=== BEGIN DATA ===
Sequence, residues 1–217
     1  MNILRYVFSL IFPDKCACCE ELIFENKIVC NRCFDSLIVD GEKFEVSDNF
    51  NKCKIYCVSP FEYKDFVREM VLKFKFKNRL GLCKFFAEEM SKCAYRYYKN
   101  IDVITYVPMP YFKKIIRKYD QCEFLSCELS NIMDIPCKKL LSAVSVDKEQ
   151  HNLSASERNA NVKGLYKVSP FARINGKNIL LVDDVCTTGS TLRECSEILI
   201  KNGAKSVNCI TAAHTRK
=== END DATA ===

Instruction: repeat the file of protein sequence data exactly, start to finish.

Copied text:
Sequence, residues 1–217
     1  MNILRYVFSL IFPDKCACCE ELIFENKIVC NRCFDSLIVD GEKFEVSDNF
    51  NKCKIYCVSP FEYKDFVREM VLKFKFKNRL GLCKFFAEEM SKCAYRYYKN
   101  IDVITYVPMP YFKKIIRKYD QCEFLSCELS NIMDIPCKKL LSAVSVDKEQ
   151  HNLSASERNA NVKGLYKVSP FARINGKNIL LVDDVCTTGS TLRECSEILI
   201  KNGAKSVNCI TAAHTRK